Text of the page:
Traumatic brain injury (TBI) can be life threatening depending on the severity of the insult to the brain. It can also cause a range of debilitating sequelae which require cognitive, motor, communication, emotional, or behavioral rehabilitation of varying intensity and duration. A number of studies conducted and published in China have suggested that acupuncture may be beneficial in the acute treatment and rehabilitation of TBI.To determine the efficacy and safety of acupuncture in the acute management or rehabilitation (or both) of patients with a TBI, including cognitive, neurological, motor, communication, emotional, or behavioral complications, or a combination of such complications.We searched the Cochrane Injuries Group Specialised Register, Cochrane Central Register of Controlled Trials (The Cochrane Library), MEDLINE, EMBASE, CINAHL, AMED, PsycINFO and others. We also searched the Chinese Acupuncture Studies Register, the Studies Register of the Cochrane Complementary Medicine Field, NCCAM, and NIH Clinical Studies Database. Three major Mainland Chinese academic literature databases (CNKI, VIP and Wang Fang Data) were also searched using keywords in simplified Chinese. We searched all databases through December 2009, and some searches have been updated to October 2012.Randomized controlled studies evaluating different variants of acupuncture and involving participants of any age who had suffered a TBI. Included trials compared acupuncture with placebo or sham treatment, or acupuncture plus other treatments compared with the same other treatments. We excluded trials that only compared different variants of acupuncture or compared acupuncture alone against other treatments alone, as they did not yield the net effect of acupuncture.Two review authors identified potential articles from the literature search and extracted data independently using a data extraction form. We performed methodological assessment of included studies using the Cochrane Collaboration’s tool for assessing risk of bias. We were unable to perform quantitative data analysis due to insufficient included studies and available data.Four RCTs, including 294 participants, reported outcomes specified by this review. Three investigated electro-acupuncture for TBI while one investigated acupuncture for acute TBI. The results seem to suggest that acupuncture is efficacious for these indications, however the low methodological quality of these studies renders the results questionable. No adverse effects of acupuncture were reported in any of the studies.The low methodological quality of the included studies does not allow us to make conclusive judgments on the efficacy and safety of acupuncture in either the acute treatment and/or rehabilitation of TBI. Its beneficial role for these indications remains uncertain. Further research with high quality trials is required. HubMed – rehab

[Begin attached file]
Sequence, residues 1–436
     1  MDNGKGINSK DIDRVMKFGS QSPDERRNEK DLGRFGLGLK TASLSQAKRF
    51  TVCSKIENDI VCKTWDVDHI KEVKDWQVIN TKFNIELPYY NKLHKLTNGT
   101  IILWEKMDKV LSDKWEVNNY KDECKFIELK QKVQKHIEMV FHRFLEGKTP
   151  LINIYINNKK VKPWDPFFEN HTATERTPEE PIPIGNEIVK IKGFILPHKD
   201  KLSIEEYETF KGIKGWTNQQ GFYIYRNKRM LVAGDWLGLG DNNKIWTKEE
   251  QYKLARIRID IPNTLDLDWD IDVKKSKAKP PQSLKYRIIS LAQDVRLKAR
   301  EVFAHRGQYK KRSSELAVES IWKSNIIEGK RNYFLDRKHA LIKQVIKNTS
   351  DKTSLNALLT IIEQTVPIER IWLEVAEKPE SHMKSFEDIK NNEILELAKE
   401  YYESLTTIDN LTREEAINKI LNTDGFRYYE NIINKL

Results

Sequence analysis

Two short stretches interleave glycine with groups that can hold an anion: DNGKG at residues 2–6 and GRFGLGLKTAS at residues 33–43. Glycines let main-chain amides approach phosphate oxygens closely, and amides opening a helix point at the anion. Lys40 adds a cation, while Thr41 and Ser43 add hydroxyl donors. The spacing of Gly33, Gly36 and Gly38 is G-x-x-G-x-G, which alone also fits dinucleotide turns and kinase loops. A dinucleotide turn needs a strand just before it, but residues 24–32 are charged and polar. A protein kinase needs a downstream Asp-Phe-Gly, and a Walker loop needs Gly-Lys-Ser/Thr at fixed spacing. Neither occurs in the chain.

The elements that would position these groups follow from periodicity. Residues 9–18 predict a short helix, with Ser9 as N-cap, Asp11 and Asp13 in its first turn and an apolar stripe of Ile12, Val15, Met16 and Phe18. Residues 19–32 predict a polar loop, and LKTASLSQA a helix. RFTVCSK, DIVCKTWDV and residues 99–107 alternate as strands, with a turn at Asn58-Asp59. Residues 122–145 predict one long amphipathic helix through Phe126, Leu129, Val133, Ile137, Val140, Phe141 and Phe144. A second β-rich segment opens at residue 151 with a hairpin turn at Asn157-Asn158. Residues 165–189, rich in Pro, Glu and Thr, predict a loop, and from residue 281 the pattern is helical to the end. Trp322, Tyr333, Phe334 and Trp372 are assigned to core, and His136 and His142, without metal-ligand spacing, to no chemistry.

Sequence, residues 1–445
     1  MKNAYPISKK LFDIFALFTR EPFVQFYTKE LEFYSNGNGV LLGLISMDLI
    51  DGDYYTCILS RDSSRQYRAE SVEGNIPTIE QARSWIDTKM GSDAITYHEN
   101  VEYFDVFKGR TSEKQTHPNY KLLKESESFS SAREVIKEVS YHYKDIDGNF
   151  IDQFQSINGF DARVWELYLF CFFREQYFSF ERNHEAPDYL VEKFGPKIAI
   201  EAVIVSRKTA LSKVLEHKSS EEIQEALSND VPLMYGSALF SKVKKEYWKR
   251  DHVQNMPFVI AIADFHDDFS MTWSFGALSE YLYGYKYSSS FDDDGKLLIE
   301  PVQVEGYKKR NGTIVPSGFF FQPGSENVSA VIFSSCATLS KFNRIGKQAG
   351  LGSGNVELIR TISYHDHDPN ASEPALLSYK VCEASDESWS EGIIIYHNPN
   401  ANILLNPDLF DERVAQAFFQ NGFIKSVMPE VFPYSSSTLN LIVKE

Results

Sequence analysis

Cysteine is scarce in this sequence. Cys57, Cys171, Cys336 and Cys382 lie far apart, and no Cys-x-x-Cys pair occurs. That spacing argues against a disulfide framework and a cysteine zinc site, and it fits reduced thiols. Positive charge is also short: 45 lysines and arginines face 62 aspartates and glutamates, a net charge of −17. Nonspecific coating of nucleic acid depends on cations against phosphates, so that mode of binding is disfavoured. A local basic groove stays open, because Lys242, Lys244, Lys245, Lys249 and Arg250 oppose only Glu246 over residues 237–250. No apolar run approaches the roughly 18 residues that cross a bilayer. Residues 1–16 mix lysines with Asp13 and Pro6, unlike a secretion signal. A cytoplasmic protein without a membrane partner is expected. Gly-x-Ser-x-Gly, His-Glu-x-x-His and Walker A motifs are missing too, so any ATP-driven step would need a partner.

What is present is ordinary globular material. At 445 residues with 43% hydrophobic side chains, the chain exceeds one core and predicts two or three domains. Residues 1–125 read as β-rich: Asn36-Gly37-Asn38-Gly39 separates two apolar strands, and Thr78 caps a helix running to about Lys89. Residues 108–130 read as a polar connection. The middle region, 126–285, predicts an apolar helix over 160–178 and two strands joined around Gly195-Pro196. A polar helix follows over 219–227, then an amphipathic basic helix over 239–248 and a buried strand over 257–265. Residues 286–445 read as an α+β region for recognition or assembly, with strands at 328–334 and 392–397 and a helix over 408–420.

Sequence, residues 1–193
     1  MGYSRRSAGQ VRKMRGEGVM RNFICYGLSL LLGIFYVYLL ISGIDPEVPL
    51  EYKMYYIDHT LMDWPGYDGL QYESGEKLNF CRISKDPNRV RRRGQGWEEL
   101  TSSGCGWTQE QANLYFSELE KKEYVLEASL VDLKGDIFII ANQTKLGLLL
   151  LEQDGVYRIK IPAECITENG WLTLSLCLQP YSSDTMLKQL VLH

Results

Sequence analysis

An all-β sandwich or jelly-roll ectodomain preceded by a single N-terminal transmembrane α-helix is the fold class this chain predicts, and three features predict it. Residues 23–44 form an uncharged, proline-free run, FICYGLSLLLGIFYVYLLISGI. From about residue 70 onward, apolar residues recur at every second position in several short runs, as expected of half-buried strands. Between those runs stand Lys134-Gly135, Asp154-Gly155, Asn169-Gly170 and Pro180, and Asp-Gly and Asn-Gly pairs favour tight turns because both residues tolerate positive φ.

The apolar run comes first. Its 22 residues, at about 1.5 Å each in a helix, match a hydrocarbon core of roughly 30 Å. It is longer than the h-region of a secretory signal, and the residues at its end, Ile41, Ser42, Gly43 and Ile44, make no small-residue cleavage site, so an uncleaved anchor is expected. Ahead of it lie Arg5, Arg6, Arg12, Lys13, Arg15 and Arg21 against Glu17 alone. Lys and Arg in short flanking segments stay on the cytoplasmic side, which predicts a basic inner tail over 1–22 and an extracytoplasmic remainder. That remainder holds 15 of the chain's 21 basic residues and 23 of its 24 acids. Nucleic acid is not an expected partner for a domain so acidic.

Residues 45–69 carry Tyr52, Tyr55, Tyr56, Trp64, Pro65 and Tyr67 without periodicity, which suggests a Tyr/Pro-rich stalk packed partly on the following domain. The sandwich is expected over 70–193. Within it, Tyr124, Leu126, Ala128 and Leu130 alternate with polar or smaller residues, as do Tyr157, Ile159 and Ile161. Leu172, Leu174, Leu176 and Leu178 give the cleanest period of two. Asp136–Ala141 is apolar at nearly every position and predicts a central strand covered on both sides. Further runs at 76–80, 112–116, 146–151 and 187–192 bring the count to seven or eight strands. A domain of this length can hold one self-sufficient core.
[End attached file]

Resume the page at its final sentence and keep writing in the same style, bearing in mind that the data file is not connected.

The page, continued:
Are crutches required after hip arthroscopy? A case-control study.

Hip Int. 2013 Mar 25; 0
Jayasekera N, Aprato A, Villar RN

Hip arthroscopy provides a less invasive alternative to arthrotomy and has the potential for more rapid rehabilitation. Few guidelines exist for rehabilitation after hip arthroscopic surgery. However, these are not corroborated with evidence of objective outcome measures. In particular, the period for which crutches should be used is imprecisely explained, if explained at all. The purpose of this study was to determine whether or not crutch use is required after hip arthroscopic surgery, and if so, for how long.? We compare a postoperative regimen of four weeks partial weight bearing on crutches (Group 1, n = 85) with a regimen that permitted patients to fully weight bear immediately after surgery if comfort allowed (Group 2, n = 80). We used the modified Harris hip score (mHHS) as an outcome measure at six weeks and six months after surgery. For Group 1, the mean duration of crutch use was 28.2 days and the mean postoperative mHHS at six weeks and six months showed significant improvement compared with preoperatively. For Group 2 the mean duration of crutch use was 13.4 days and the mean postoperative mHHS at six weeks and six months also showed significant improvement compared with preoperatively. The results demonstrated no significant difference in postoperative mHHS between the two groups at six weeks and six months after surgery.? There thus appears to be no need to enforce a defined period of partial weight bearing on crutches after hip arthroscopic surgery, irrespective of the procedure undertaken. HubMed – rehab